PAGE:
Amazon’s Fire TV lineup has expanded significantly over the years. After first starting out with the Fire TV Stick, Amazon has slowly added a variety of other streamers to its stable along with deep integration of its Fire OS into various third-party TVs and soundbars. Of course, one of Amazon’s biggest downfalls in this product category is that smart functionality has become deeply entrenched into just about every new TV on the market. And Amazon, of course, faces tough competition from Apple, Google, and various other streaming platforms. So if you’re considering buying into Amazon’s Fire OS lineup, it can be difficult to know which model is right for your needs. Head below for our Fire TV buying guide, which walks through the benefits and negatives of each model.
The budget-friendly champ: Fire TV Stick
Amazon’s Fire TV Stick delivers solid value with a regular price of $40. It often drops to around $25 when on sale a handful of times throughout the year, including Prime Day and Black Friday. This model offers 1080p streaming of all the most popular streaming services, including Amazon Video, Netflix, Hulu, and more.
A new remote that’s featured on Amazon’s streamer delivers access to Alexa and volume control, along with playback and various other features. You can learn more in our coverage here.
Need 4K? Consider upgrading to Amazon’s streaming stick of the same name. The Fire TV Stick 4K delivers many of the same features but adds support for ultra HD content plus Dolby Vision, HDR, and HDR10+. It sells for $50 typically before dropping below $40 (or lower) throughout the year.
Fire TV Cube: Amazon’s Ultimate Solution
Jumping up to the Cube delivers Amazon’s “fastest, most powerful Fire TV” comes with a bevy of features designed to really take your streaming setup to the next level. Most notably is the introduction of IR control, which can be used to power on and off your home theater system, manage volume, and various other typical TV-watching tasks.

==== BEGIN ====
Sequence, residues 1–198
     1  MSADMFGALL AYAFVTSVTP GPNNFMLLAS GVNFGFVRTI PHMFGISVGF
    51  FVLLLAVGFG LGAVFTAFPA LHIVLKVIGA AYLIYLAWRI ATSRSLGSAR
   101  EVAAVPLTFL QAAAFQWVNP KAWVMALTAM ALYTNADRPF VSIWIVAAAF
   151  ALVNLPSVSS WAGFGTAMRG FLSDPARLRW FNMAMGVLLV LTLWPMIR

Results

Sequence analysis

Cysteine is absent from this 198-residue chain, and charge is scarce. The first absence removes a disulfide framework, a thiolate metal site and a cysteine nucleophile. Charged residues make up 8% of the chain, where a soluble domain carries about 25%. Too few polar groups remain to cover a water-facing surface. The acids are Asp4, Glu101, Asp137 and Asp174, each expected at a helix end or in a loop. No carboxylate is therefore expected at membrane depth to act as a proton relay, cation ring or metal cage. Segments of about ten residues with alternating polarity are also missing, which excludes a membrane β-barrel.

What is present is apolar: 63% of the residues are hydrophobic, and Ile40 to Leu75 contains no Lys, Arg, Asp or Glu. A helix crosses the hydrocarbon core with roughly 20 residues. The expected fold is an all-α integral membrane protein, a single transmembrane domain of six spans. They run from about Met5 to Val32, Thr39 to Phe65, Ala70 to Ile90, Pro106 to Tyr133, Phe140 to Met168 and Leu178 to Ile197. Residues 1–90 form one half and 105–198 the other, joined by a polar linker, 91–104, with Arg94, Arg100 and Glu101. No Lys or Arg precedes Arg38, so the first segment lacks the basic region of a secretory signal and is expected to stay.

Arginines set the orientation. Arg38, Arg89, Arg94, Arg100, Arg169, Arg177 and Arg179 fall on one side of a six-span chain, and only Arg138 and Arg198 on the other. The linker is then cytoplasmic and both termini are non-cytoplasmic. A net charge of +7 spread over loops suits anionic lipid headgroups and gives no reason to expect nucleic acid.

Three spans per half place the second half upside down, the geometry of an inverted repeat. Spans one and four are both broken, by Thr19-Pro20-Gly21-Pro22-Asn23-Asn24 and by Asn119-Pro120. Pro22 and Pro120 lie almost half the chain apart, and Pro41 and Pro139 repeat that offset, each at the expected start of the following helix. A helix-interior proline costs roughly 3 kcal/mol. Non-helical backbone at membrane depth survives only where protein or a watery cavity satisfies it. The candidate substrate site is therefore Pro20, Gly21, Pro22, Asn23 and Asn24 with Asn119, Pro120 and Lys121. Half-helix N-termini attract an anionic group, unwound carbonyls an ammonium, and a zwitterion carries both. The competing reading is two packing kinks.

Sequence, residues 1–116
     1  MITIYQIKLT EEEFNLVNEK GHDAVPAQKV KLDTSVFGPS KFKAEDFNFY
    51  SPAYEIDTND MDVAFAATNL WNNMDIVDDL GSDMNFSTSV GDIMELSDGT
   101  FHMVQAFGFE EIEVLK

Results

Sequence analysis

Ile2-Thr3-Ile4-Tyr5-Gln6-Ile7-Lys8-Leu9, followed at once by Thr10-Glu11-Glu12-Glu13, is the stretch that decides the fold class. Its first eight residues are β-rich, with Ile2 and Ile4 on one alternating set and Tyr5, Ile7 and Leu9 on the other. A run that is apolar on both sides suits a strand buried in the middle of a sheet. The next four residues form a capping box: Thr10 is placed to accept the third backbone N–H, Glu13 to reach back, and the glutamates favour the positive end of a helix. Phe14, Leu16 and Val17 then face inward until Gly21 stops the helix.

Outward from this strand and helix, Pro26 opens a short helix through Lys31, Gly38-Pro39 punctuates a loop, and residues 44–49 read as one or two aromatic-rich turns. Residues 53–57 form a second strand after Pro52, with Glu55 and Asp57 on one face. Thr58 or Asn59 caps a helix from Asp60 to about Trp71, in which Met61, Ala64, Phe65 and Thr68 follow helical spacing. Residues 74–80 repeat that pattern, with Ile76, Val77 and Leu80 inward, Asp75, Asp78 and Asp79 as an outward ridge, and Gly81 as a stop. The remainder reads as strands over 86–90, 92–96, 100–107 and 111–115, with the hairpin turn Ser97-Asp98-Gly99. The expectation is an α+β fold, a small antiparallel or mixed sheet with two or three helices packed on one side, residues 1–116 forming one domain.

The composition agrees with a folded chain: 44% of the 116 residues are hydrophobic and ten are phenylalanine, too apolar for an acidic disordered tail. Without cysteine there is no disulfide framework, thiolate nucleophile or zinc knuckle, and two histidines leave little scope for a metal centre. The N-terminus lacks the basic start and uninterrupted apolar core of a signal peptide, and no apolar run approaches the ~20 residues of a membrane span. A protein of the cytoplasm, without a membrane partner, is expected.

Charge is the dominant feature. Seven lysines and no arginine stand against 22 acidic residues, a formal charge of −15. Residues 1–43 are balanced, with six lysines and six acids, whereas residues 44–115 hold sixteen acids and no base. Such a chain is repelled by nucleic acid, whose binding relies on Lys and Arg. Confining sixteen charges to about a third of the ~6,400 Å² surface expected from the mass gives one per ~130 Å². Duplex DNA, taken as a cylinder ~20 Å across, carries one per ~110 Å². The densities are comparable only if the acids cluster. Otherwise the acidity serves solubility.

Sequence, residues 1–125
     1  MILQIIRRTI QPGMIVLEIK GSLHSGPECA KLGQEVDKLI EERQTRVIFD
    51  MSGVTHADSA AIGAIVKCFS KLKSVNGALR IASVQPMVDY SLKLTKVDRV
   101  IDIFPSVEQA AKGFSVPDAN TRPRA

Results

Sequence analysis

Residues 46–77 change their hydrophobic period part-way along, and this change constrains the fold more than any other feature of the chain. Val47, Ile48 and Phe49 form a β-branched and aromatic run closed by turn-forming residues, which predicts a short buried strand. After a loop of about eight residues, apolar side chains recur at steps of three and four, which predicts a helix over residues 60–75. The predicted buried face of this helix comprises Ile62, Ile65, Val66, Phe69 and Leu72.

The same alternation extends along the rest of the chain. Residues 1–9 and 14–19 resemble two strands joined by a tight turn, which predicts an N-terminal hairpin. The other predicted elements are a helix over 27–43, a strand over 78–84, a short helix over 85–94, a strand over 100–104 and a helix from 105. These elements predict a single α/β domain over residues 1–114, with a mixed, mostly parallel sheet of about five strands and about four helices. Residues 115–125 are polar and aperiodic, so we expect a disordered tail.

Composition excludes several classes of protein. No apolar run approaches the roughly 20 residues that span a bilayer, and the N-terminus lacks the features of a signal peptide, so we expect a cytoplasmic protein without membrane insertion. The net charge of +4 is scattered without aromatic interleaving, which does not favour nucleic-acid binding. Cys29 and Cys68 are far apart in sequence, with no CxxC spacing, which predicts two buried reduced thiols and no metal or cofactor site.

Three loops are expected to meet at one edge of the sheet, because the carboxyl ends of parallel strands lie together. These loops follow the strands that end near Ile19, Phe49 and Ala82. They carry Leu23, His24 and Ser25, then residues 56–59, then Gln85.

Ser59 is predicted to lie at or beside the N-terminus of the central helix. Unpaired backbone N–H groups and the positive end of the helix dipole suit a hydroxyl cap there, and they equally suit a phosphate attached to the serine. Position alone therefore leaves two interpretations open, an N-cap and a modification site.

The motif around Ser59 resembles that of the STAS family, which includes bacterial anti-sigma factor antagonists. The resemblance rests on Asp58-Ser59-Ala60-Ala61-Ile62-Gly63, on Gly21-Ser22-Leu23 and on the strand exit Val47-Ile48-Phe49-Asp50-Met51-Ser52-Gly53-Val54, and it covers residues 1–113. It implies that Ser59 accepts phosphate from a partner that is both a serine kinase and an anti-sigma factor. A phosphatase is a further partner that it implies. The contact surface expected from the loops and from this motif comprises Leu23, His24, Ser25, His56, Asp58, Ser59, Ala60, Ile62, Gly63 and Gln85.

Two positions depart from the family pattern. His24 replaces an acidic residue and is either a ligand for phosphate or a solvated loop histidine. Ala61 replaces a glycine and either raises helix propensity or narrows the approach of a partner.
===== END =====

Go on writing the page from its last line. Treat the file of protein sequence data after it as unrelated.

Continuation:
Fire TV Cube also offers support for all of the major streaming services along with 4K and HDR support. A built-in speaker brings hands-free Alexa to the mix, making it a suitable cornerstone of your smart home experience. It retails for $120 regularly but will drop below $100 periodically.
Fire TV integration is also an option
Toshiba and Insignia have both partnered with Amazon to bake its Fire TV OS into a line of 1080p and 4K TVs. You’re essentially skipping the add-on streaming box here and bringing the functionality directly into the menu system. This is a particularly appealing option if you’re looking for a secondary TV in a bedroom or den, and don’t need the latest specs to enjoy quick-moving action films or sports.
These standalone TV sets are also largely affordable, with many prices around $200.
You can view Amazon’s entire line of streaming media players right here as well as its partnership TVs from various brands.
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